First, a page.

Day 81 of the Shoe Challenge – Absolutely Fatuous Boots

Now and again I think that it might be worth reading newspapers and newspaper columnists again. Then I read something that annoys me.

The Sun Herald in Sydney published the above  column entitled “Absolutely Fatuous” in its S Entertainment & Fashion pull out section yesterday (Sunday 1 August 2010).  The author peppered the column with deliberately provocative opinions:

the more obsessed a woman is with clothes, shoes and handbags, the more utterly barren her interior life

is it possible to have one’s moral compass in working order and …own 100 pairs of shoes?

Fashion is about the self, the me and if your wardrobe occupies half your bedroom …it’s a fair bet that your head is planted firmly up your own tastefully garbed bum”.

I have no intention of naming the chap that wrote the column. Attribution would simply further encourage him in his ‘smug, shallow and egregious’ written opinions  (to quote A Cat In A Tree). In any case another blogger has already done a sterling job of beating him about the head with her feminine principles.

John Stuart Mill once argued that a citizenry could not, would not, flourish unless it was nourished by the full spectrum of voices that exist among the people.  This means, of course, that anyone with an opinion should be able to voice it.  I agree entirely with this precept provided that we are not charged the cover price of a newspaper to read that opinion.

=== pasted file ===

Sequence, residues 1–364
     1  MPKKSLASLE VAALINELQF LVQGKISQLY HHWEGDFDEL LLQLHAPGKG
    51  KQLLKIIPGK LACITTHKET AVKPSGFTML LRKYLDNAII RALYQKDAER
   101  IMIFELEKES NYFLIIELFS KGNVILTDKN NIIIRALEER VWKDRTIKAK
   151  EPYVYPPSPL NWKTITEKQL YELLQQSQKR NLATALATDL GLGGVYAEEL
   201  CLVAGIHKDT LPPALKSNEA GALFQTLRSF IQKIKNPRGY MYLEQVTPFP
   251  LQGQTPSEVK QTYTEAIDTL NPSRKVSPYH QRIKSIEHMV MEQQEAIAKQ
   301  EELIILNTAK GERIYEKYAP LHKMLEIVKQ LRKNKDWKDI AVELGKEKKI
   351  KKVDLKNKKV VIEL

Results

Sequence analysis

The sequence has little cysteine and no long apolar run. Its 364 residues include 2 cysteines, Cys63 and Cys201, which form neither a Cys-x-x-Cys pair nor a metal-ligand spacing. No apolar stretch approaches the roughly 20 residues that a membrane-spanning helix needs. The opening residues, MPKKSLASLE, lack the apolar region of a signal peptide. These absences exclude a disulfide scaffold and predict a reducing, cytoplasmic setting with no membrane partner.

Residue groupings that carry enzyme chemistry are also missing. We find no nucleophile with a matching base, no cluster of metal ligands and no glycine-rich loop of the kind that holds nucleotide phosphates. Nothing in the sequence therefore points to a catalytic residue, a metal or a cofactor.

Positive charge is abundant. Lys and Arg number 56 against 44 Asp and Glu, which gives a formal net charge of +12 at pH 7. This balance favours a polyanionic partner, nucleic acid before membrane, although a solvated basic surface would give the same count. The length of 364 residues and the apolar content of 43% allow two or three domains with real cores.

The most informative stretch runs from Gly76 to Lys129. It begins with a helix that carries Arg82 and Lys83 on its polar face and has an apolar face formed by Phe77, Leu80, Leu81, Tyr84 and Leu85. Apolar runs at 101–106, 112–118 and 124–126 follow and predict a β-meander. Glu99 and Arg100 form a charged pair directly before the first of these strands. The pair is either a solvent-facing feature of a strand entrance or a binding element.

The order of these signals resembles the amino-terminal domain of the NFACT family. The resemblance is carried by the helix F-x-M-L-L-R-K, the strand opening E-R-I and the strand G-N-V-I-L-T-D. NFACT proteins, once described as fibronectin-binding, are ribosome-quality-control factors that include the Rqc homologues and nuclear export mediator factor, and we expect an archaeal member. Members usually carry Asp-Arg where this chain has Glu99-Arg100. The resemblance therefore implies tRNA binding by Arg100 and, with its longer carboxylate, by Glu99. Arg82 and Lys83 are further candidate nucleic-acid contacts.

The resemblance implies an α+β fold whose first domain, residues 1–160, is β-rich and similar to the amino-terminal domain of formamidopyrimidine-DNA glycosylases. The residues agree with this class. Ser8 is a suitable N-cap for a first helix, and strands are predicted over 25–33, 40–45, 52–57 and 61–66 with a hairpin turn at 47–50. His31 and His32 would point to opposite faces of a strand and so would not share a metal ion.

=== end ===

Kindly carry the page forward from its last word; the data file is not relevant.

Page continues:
There are those of you who will tell me that if I don’t like what this chap says I should just not read what he writes. Or buy the newspaper.   A bit like that scene in the Big Lebowski when the Dude asks the driver to change the channel because the Eagles are doing his head in and the driver says “Fuck you man! You don’t like my fucking music, get your own fucking cab!

If you don't like my music...

Columnists are meant to be opinionated. They are also meant to be challenging and controversial. I’m all for risk taking and if someone is offended in the process of publishing a groundbreaking, confronting column this is a positive thing.

The chap in question however produces copy which neither groundbreaking nor particularly novel. As one of the commenters (meganwegan) on the News with Nipples blog observes that notes his schtick is that:

materialism is only bad when women do it.

Shoes, bags, frocks, interiors = fatuous and shallow.

Cars, iPads, cellphones etc = serious and important.”

There may be people out there who buy things wantonly, fatuously and unquestioningly.

I have never actually met these people. Virtually everyone that I know has a very distinct idea, theorem or need in mind when they buy material things.

Nowhere is this more obvious to me than in the area of shoe purchasing. Using myself as an example, I cannot help but look at the contents of  just about every shoe shop that I walk past. I can tell within about 30 seconds whether there is anything in there that interests me. 99.9% of the time I see nothing that makes me want to go into the shop. I don’t think that I am unusual in this.

The other 0.01% of the time I see something that resonates with me For example, the boots that I wore today were purchased in an Op-Shop – the Smith Family Charity Store in Hurstville. Never worn suede high heeled knee boots from Gary Castles Sydney which cost $15.00.

Gary Castles Suede Knee Length Boot size 37 – tight

At first sight, my internal shoe calibration equipment buzzed an instantaneous recognition signal to me and I bought them without any hesitation.